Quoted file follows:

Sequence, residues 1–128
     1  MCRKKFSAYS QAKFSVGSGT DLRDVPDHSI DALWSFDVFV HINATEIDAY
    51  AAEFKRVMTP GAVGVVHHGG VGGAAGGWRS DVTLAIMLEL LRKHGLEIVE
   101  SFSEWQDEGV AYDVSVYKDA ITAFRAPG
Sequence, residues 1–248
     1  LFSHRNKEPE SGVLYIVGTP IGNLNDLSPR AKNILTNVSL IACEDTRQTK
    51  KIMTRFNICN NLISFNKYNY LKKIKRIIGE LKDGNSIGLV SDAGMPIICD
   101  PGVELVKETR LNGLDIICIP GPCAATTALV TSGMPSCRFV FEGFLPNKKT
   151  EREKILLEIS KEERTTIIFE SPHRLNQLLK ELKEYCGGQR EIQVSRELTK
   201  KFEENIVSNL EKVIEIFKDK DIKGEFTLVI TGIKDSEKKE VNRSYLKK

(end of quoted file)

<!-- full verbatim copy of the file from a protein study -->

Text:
Sequence, residues 1–128
     1  MCRKKFSAYS QAKFSVGSGT DLRDVPDHSI DALWSFDVFV HINATEIDAY
    51  AAEFKRVMTP GAVGVVHHGG VGGAAGGWRS DVTLAIMLEL LRKHGLEIVE
   101  SFSEWQDEGV AYDVSVYKDA ITAFRAPG
Sequence, residues 1–248
     1  LFSHRNKEPE SGVLYIVGTP IGNLNDLSPR AKNILTNVSL IACEDTRQTK
    51  KIMTRFNICN NLISFNKYNY LKKIKRIIGE LKDGNSIGLV SDAGMPIICD
   101  PGVELVKETR LNGLDIICIP GPCAATTALV TSGMPSCRFV FEGFLPNKKT
   151  EREKILLEIS KEERTTIIFE SPHRLNQLLK ELKEYCGGQR EIQVSRELTK
   201  KFEENIVSNL EKVIEIFKDK DIKGEFTLVI TGIKDSEKKE VNRSYLKK